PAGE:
Directed by Randy Miller. Starring Sinbad, Phil Hartman, Kim Greist, Jeffrey Jones.
REVIEWED By Joey O'Bryan, Fri., Jan. 6, 1995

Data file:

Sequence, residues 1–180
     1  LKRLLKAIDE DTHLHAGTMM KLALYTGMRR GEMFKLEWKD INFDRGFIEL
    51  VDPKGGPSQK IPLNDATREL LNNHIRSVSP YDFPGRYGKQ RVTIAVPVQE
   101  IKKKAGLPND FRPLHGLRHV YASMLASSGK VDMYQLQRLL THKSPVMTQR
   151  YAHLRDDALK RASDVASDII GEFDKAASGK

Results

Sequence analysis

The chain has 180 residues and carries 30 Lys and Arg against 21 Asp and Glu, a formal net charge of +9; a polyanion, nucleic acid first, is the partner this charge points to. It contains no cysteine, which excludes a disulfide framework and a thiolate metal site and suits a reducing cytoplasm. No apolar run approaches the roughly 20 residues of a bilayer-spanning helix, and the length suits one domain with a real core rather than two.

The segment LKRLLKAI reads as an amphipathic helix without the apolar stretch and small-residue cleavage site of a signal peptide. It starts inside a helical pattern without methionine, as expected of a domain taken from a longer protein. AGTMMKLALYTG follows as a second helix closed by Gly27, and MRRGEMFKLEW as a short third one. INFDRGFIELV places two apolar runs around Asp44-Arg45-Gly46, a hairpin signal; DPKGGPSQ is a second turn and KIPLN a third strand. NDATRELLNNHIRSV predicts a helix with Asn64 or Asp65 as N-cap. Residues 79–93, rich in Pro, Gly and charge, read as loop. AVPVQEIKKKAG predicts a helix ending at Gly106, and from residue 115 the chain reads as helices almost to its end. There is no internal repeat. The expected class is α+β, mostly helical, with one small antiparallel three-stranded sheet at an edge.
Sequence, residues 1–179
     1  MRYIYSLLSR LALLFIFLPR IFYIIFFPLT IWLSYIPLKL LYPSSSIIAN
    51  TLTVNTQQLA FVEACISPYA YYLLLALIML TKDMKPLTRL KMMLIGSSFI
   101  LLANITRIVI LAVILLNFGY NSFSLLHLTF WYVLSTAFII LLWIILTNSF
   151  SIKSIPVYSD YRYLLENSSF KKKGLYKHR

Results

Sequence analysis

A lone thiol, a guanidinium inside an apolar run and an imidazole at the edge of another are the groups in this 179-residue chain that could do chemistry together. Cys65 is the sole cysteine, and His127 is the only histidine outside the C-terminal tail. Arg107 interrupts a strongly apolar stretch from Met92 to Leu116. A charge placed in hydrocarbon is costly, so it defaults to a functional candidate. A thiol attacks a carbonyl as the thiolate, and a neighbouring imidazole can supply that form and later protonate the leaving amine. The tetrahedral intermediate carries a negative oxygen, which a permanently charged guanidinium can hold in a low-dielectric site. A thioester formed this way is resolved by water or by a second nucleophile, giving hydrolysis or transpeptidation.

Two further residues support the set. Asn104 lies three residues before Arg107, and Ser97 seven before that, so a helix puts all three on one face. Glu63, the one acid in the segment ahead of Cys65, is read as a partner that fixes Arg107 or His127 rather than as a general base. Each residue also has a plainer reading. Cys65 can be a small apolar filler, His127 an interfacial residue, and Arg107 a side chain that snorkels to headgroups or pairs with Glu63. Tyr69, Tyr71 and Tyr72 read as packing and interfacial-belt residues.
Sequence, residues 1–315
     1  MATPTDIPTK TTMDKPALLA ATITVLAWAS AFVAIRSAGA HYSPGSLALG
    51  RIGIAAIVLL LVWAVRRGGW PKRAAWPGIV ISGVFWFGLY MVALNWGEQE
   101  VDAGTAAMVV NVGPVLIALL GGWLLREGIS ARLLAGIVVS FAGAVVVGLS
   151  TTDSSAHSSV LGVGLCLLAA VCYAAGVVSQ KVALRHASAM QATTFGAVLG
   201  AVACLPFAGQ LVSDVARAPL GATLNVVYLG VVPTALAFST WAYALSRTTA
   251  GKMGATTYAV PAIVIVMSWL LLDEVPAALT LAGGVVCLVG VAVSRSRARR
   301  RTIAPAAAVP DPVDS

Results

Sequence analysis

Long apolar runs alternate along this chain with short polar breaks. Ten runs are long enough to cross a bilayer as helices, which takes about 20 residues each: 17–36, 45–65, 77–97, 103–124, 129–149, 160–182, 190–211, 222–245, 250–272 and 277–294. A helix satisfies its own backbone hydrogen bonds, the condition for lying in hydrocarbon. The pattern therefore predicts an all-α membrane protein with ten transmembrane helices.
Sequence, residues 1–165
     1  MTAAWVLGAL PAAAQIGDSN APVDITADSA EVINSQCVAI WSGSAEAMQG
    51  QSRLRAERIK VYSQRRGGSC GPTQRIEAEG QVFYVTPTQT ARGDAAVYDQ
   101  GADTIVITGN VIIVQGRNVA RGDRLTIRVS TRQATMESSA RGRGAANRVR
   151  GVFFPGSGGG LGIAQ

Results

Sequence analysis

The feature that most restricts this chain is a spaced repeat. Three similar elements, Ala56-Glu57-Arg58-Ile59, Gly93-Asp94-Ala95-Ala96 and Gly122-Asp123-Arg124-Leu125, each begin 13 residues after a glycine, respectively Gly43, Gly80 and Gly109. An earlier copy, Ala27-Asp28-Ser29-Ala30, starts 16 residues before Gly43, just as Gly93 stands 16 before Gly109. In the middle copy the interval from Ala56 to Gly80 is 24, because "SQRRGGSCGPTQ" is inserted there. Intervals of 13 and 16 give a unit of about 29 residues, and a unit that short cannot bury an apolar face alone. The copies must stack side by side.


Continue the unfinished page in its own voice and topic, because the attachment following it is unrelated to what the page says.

With both Jim Carrey and Tim Allen having successfully made the transition from the boob tube to the silver screen, along comes the latest bid for big movie stardom, namely comedy star Sinbad in Houseguest. A blatant retread of the Jim Belushi vehicle Taking Care of Business, as well as the similarly titled Housesitter, Houseguest follows the adventures of Kevin Franklin, a young man obsessed with money and every way to get it, with the notable exception of good old-fashioned hard work. Having borrowed cash from some unsavory characters to finance his various get-rich-quick scams, Kevin soon finds himself on the run from a pair of dimwitted mobsters who want him dead. So, when family man Gary Young (Phil Hartman) accidentally mistakes Franklin for his old high school buddy whom he hasn't seen in years, he plays along, hiding himself out in their lovely suburban home and doing his best to maintain his false identity as Derick, a wealthy and highly respected dentist. Despite an amusing first 15 minutes and a few scattered laughs (most of which appear in the theatrical trailer), the movie just doesn't make the grade, offering up a parade of moldy clichés, strained comedy, and false sentiment. However, I wouldn't go as far as to blame Sinbad, who is obviously trying hard and comes off fairly likably, but, rather, the film's by-the-numbers scripting and clumsy direction. Another television star, Phil Hartman, whose biting sarcasm was the saving grace of last year's pathetic would-be comedy Greedy, seems bored silly by the whole affair, walking through the picture with a bewildered indifference that seems to suggest that he does not want to be in this movie. The rest of the cast appears similarly underwhelmed by the material at hand, and performances all around are workmanlike at best. (Even the talented Kim Griest is totally wasted in a nothing role.) Probably the weirdest thing about Houseguest is its bizarre visual style: Teeming with choppy jump cuts between mismatched shots, oddball multiple dissolves, and an unusual technique of repeating the same action from several different angles in rapid fire succession, the film appears to have been drastically overhauled during editing in a failed attempt to generate the carefully structured rhythms of witty banter and manic comedy. The final result is confusing and sloppy. All this, coupled with more annoying product placement from McDonald's (Even the eight-year-old kid next to me exclaimed “McDonald's again?!?” during the umpteenth mention of “Mickey D's” in the dialogue), adds up to disaster, for Houseguest is a film that lacks solid construction from the ground up, something that can't be “fixed in the editing,” I'm afraid.